Pandura, Pāṇḍura, Pāṇḍurā, Pamdura: 24 definitions
Pandura means something in Buddhism, Pali, Hinduism, Sanskrit, Jainism, Prakrit, biology. If you want to know the exact meaning, history, etymology or English translation of this term then check out the descriptions on this page. Add your comment or reference to a book if you want to contribute to this summary article.
Purana and Itihasa (epic history)
Pāṇḍura (पाण्डुर).—Name of a minor mountain (kṣudraparvata) situated in Bhārata, a region south of mount Meru, according to the Varāhapurāṇa chapter 85. In the settlements (janapada) along these mountains dwell Āryas and Mlecchas who drink water from the rivers flowing there. Meru is one of the seven mountains located in Jambūdvīpa, which is ruled over by Āgnīdhra, a grandson of Svāyambhuva Manu, who was created by Brahmā, who was in turn created by Nārāyaṇa, the unknowable all-pervasive primordial being, who was created by Brahmā, who was in turn created by Nārāyaṇa, the unknowable all-pervasive primordial being.Source: Google Books: Cultural History from the Vāyu Purāna
Pāṇḍura (पाण्डुर):—On the Pāṇḍura mountain is situated the city of the Vidyādharas.Source: archive.org: Puranic Encyclopedia
Pāṇḍura (पाण्डुर).—A soldier of Subrahmaṇya. (Śloka 73, Chapter 45, Śalya Parva).Source: Cologne Digital Sanskrit Dictionaries: The Purana Index
Pāṇḍura (पाण्डुर).—A mountain in the Bhāratavarṣa;1 residence of the Vīdyādharas.2Source: JatLand: List of Mahabharata people and places
Pāṇḍura (पाण्डुर) is a name mentioned in the Mahābhārata (cf. IX.44.68) and represents one of the many proper names used for people and places. Note: The Mahābhārata (mentioning Pāṇḍura) is a Sanskrit epic poem consisting of 100,000 ślokas (metrical verses) and is over 2000 years old.
The Purana (पुराण, purāṇas) refers to Sanskrit literature preserving ancient India’s vast cultural history, including historical legends, religious ceremonies, various arts and sciences. The eighteen mahapuranas total over 400,000 shlokas (metrical couplets) and date to at least several centuries BCE.
Rasashastra (chemistry and alchemy)
Pāṇḍura (पाण्डुर, “whitish”) is a sanskrit technical term used throughout Rasaśāstra literature, such as the Rasaprakāśasudhākara.
Rasashastra (रसशास्त्र, rasaśāstra) is an important branch of Ayurveda, specialising in chemical interactions with herbs, metals and minerals. Some texts combine yogic and tantric practices with various alchemical operations. The ultimate goal of Rasashastra is not only to preserve and prolong life, but also to bestow wealth upon humankind.
Ayurveda (science of life)
Pāṇḍurā (पाण्डुरा) is another name for Māṣaparṇī, a medicinal plant identified with Teramnus labialis from the Fabaceae, or “pea family” of flowering plants, according to verse 3.30-33 of the 13th-century Raj Nighantu or Rājanighaṇṭu. The third chapter (guḍūcyādi-varga) of this book contains climbers and creepers (vīrudh). Together with the names Pāṇḍurā and Māṣaparṇī, there are a total of twenty-one Sanskrit synonyms identified for this plant.Source: gurumukhi.ru: Ayurveda glossary of terms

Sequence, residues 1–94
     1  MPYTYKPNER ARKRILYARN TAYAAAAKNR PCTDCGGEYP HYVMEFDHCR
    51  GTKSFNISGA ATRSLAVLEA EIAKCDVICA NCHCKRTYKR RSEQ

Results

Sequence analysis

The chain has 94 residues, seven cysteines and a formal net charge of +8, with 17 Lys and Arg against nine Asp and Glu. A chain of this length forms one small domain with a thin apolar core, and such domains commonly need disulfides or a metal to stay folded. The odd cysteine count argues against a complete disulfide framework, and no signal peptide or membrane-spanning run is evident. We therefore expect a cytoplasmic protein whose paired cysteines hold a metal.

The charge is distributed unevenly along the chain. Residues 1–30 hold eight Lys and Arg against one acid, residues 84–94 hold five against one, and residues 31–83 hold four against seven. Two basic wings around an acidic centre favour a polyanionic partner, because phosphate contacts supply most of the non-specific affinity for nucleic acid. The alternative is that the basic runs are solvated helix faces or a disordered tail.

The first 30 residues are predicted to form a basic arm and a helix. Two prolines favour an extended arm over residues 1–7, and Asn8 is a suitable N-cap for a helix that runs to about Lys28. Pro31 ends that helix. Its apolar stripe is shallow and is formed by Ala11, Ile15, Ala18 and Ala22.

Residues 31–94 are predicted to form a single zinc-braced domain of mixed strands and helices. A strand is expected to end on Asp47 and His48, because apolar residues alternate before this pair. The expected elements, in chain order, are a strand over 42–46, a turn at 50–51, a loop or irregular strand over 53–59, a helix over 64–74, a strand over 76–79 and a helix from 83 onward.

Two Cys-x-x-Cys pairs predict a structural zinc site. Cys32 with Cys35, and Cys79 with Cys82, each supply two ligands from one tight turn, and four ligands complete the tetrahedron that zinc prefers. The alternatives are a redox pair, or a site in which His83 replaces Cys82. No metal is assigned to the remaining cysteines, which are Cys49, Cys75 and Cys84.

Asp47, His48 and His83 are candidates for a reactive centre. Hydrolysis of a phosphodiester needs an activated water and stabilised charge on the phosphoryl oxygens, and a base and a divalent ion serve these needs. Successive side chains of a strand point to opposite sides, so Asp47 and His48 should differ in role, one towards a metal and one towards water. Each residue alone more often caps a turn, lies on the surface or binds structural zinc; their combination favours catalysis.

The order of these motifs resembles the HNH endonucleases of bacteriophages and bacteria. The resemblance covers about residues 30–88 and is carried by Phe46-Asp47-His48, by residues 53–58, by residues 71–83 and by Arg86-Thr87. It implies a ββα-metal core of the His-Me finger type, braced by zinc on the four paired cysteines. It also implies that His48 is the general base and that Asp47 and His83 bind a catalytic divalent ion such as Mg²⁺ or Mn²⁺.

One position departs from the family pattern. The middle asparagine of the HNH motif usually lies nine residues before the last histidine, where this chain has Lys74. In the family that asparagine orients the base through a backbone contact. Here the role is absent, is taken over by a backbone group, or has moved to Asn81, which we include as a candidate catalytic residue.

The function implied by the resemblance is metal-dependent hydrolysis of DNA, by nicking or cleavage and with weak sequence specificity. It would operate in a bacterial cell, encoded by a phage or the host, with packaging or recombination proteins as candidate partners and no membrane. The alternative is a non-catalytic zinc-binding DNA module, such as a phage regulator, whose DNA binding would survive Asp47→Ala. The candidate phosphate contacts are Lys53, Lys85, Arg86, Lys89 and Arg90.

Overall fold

Pāṇḍura (पाण्डुर):—Pale colour
Āyurveda (आयुर्वेद, ayurveda) is a branch of Indian science dealing with medicine, herbalism, taxology, anatomy, surgery, alchemy and related topics. Traditional practice of Āyurveda in ancient India dates back to at least the first millenium BC. Literature is commonly written in Sanskrit using various poetic metres.
Shaktism (Shakta philosophy)
Pāṇḍura (पाण्डुर) refers to “yellow” colour of the eastern face of Kubjikā, according to the Agnipurāṇa chapter 144.—Accordingly, while describing the visualization of Kubjikā: “[...] The upper (-most) face of the goddess is white (śveta). The other upper (face) is also white (śveta). The eastern face is yellow (pāṇḍura) and angry. The southern one is black (kṛṣṇa). The northern one (is white) like snow, a jasmine flower and the moon. Brahmā is on the soles of (her) feet. Viṣṇu is on the shanks (of her legs). Rudra is in (her) heart and Īśvara in (her) throat. Sadāśiva is on her forehead and Śiva is located above him. [...]”.
Shakta (शाक्त, śākta) or Shaktism (śāktism) represents a tradition of Hinduism where the Goddess (Devi) is revered and worshipped. Shakta literature includes a range of scriptures, including various Agamas and Tantras, although its roots may be traced back to the Vedas.
Pāṇḍura (पाण्डुर) refers to one of the four kinds of “bricks” (iṣṭakā) which represents one of the most important building materials in the construction of a Temple, which used to make walls, according to the Viṣṇudharmottarapurāṇa, an ancient Sanskrit text which (being encyclopedic in nature) deals with a variety of cultural topics such as arts, architecture, music, grammar and astronomy. In ancient time bricks (iṣṭakā) used to be made of clay which were of four kinds, e.g., pāṇḍura. The procedure of making bricks is very nicely explained in the Viṣṇudharmottarapurāṇa. [...]
Vastushastra (वास्तुशास्त्र, vāstuśāstra) refers to the ancient Indian science (shastra) of architecture (vastu), dealing with topics such architecture, sculpture, town-building, fort building and various other constructions. Vastu also deals with the philosophy of the architectural relation with the cosmic universe.
General definition (in Buddhism)
Pāṇḍurā (पाण्डुरा) refers to the “white goddess” and represents one of the “four Goddesses” (caturdevī) as defined in the Dharma-saṃgraha (section 4). The Dharma-samgraha (Dharmasangraha) is an extensive glossary of Buddhist technical terms in Sanskrit (e.g., caturdevī and Pāṇḍurā). The work is attributed to Nagarguna who lived around the 2nd century A.D.
Biology (plants and animals)
Pandura in India is the name of a plant defined with Teramnus labialis in various botanical sources. This page contains potential references in Ayurveda, modern medicine, and other folk traditions or local practices It has the synonym Kennedya arabica Hochst. ex Benth. (among others).
Example references for further research on medicinal uses or toxicity (see latin names for full list):
· Kew Bulletin (1970)
· Systema Vegetabilium (1826)
· Flora van Nederlandsch Indië (1855)